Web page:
Following the outbreak of coronavirus, and seeing the overwhelming response by our communities, volunteers and healthcare professionals, I signed up to the Nursing and Midwifery Council’s ‘coronavirus temp register’ to offer my hand of support at this time of national crisis.
Before politics, I trained and served as a district nurse for many years, and am well acquainted with the daily responsibilities and pressures that nurses bear. Since being elected, the most rewarding element of my new role has been the ability to offer support to people in Wrexham. When the pandemic began I couldn’t in good conscience sit back and watch coronavirus devastate our community and let former colleagues take on that burden alone. I felt it only right to utilise my skills as a former nurse, to help the community I was elected to represent.
During my ‘back to floor’ training, and leading up to my first shift I was filled with anticipation. My initial training felt like a lifetime ago, indeed it was whilst I was raising my, now adult, son. I couldn’t help but think about all the ways in which it might have changed since I completed my training in the early 1990’s. A few days before my first shift I went to pick up my all blue uniform, which was drastically different to the uniform I’d worn when I was last there, which now seems rather outdated.
However, as I walked through the doors of Wrexham Maelor Hospital, where I did my initial nursing training, I was struck with a sense of comfort and familiarity. Despite the new lick of paint and the addition of head to toe PPE not much had changed.
Perhaps most familiar was the sense of comradery amongst the nurses, doctors, porters and hospital staff, reminding me of old friends and colleagues from my time in the Maelor.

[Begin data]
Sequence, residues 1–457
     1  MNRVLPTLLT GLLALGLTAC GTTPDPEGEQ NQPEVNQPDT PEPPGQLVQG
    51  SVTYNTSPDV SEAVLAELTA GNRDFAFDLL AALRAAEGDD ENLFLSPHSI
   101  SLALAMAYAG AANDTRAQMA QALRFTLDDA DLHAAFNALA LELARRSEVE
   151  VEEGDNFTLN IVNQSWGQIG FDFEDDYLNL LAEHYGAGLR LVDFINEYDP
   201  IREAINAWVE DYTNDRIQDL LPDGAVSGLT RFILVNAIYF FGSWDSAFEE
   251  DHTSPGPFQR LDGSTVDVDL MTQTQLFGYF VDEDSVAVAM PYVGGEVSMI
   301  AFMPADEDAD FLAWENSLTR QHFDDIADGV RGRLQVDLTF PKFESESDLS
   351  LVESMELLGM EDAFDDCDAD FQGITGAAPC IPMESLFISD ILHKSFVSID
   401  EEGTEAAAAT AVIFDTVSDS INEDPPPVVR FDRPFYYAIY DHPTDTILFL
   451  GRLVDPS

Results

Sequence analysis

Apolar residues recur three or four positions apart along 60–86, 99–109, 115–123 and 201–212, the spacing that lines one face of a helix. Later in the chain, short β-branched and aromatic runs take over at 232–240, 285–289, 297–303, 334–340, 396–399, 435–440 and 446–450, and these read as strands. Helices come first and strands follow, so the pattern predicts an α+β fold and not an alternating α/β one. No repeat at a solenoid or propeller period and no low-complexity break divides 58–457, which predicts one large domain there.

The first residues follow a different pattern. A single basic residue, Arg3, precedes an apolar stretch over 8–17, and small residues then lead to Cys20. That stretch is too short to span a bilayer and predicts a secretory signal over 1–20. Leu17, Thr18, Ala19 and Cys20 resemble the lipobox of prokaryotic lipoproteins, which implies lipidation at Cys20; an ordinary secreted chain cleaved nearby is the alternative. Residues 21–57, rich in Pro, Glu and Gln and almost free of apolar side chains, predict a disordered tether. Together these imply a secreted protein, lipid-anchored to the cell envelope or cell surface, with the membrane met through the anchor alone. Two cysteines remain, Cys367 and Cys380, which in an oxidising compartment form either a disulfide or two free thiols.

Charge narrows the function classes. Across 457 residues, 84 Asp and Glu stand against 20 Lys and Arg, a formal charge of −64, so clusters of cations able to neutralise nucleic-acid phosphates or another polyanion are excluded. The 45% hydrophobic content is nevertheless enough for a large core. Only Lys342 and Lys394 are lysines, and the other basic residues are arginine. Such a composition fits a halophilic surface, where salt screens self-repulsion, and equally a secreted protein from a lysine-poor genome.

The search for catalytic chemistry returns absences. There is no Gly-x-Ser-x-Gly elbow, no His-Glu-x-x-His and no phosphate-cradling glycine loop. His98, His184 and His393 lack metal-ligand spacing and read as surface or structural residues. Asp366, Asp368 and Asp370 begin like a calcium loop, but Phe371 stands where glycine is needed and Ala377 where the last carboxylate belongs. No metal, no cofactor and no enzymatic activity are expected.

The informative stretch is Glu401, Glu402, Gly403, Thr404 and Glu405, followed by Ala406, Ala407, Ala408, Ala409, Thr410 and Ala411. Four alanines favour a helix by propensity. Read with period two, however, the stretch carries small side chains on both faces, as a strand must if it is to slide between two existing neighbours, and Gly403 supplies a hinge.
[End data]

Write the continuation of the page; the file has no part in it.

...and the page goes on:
Despite being faced with the biggest health crisis of a generation and being under unfathomable pressure, their attitude and dedication towards the people they cared for was just how I remembered it all those years ago.
On the COVID-19 recovery ward I was joined by a group of hardworking, resilient, and selfless doctors and nurses, some of whom had also answered the call to return to the frontline. Whilst on the ward I caught a glimpse of my new colleagues in Parliament on the television, which served as a reminder of the balancing act that I and many others undertook during this pandemic.
You’ve all heard the expression, it’s like riding a bike. There were moments where I was transported back and I felt like I hadn’t left. Immediately I was back doing morning medication rounds and changing dressings. However, there was moments where I worried that patients on the ward would recognise me as their MP, jeopardising the nurse patient therapeutic relationship, in those moments I took further comfort from the fact we were in head to toe PPE.
Once again, I have now left the Maelor and have returned full-time to my parliamentary duties, but when I walk past houses and shops with a rainbows proudly displayed in the windows, I think back to my colleagues still on the ward, fighting against this virus, and I am filled with an overwhelming sense of gratitude. I am immensely proud to have played a small part and to have worked alongside some of the fantastic men and women at the Maelor, risking their lives to protect our community from this invisible killer.
The last few months have showcased our resilience as a nation, and I’d like to thank everyone across Wrexham and the whole of the UK for the part they played in defeating this virus. The crisis is by no means over, but I leave the Maelor and return to Westminster confident that we will overcome whatever obstacles come our way.